Genealogy.com
Starting Sept. 30, 2014, Genealogy.com will be making a big change. GenForum message boards, Family Tree Maker homepages, and the most popular articles will be preserved in a read-only format, while several other features will no longer be available, including member subscriptions and the Shop.
 
Learn more
Some portions of Genealogy.com (particularly User Home Pages and GenForum) are currently unavailable. We will post an update when more details are available.
 
We apologize for the inconvenience.
New? Start Here
Genealogy How-To
 Getting Started
 Getting Organized
 Developing Your Research Skills
 Sharing Your Family's Story
 Reference Guide
 Biography Assistant
Free Genealogy Classes
 Beginning Genealogy
 Internet Genealogy
 Tracing Immigrant Origins
Search

Family Finder
First Name:
Middle:
Last:
 
* Tips for recording oral histories

When you record an oral history, remember that you're an interested relative, not a hard-nosed reporter. Recording an oral history should be an enjoyable experience for everyone involved, and you're more likely to get good results if that's the case. Below are a few tips:

  1. Schedule the oral history session in advance. Don't just show up on a person's doorstep unexpectedly.

  2. Bring a tape recorder, or pen and paper, or both. If you want to use a tape recorder, make sure you get prior permission from the person you're interviewing. You may want to take a few notes even if you use a tape recorder, perhaps to get the correct spellings of places and people's names. If you use a tape recorder, be sure to test the recorder as well as the tape to make sure that each is working.

  3. Make sure you record the date and location of the interview, as well as the name of the interviewer and the interviewee.

  4. Ask questions to start things off, but don't be afraid to let the person you're interviewing talk "off the subject." You may get some of the best stories this way. If they really start rambling, gently steer them back to your questions.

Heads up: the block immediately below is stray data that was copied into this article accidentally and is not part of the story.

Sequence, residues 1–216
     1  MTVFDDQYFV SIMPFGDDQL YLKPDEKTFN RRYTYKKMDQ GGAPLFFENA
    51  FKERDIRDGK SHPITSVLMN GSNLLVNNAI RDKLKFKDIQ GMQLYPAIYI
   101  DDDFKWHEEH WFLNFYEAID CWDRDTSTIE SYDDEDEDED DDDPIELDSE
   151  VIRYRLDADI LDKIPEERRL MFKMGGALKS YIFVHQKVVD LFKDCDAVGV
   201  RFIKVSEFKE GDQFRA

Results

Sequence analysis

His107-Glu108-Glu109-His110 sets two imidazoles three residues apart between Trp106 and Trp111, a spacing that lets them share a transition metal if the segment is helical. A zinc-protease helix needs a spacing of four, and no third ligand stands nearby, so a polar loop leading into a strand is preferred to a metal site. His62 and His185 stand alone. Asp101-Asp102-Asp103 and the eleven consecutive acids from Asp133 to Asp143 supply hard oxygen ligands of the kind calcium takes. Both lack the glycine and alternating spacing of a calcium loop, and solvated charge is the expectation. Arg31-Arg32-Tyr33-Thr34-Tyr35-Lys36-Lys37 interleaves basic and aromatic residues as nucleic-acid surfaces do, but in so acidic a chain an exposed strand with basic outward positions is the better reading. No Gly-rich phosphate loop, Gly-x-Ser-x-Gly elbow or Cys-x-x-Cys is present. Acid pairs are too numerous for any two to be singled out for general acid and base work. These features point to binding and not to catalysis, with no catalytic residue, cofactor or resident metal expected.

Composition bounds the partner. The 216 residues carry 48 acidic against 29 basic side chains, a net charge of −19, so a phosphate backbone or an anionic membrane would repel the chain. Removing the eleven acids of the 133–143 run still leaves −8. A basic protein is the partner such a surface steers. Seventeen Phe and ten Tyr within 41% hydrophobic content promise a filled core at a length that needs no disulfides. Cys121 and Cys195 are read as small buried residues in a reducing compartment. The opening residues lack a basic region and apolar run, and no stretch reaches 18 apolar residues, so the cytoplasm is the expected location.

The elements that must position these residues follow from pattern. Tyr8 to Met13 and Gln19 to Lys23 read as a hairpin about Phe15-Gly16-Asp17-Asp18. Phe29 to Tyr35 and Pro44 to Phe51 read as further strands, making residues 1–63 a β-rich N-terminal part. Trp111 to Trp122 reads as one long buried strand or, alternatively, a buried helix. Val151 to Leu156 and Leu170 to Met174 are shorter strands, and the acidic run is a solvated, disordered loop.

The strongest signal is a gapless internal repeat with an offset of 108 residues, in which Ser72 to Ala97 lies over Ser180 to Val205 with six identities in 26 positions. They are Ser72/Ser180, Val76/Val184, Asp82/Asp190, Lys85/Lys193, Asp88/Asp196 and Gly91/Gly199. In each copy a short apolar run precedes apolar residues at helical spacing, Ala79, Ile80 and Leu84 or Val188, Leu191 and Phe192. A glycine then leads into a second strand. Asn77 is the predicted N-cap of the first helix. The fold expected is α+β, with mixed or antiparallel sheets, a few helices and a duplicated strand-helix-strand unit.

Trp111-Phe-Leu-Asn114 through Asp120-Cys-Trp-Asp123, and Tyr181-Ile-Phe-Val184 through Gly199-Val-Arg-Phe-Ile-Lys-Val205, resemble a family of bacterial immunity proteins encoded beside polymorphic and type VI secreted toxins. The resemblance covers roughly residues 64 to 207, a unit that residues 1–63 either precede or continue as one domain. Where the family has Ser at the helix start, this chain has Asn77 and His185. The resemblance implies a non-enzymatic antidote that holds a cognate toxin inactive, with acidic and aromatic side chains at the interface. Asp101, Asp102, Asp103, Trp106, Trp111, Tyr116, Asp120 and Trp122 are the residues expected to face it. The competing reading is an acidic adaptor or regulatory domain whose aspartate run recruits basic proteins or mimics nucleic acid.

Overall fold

5. Don't push for answers. If you're asking questions that seem to make the person uncomfortable, ask if they want to continue or if they would rather talk about something else.

  6. If you ask "when" something happened, the answer will often be "I don't know, " because the individual doesn't recall the exact date or year. Instead of asking "when," ask the question in relation to another event. For example, did an event take place before or after the individual got married, or before or after the individual's parents died? You can also begin the question with "About how old were you when...." Using these techniques, you're more likely to get answers.

  7. If you have any old pictures or other items that you have questions about, bring them along. You may get answers to your questions, and you will probably hear some good stories, too.

  8. Keep the session relatively short, no more than one or two hours. Recording an oral history should be fun, not hard work. You can schedule another session at a later date if you want to continue recording the oral history.

"How-To" Guide Menu
Return to the Main Menu of the Genealogy "How-To" Guide

Home | Help | About Us | Site Index | Terms of Service | PRIVACY
© 2011 Ancestry.com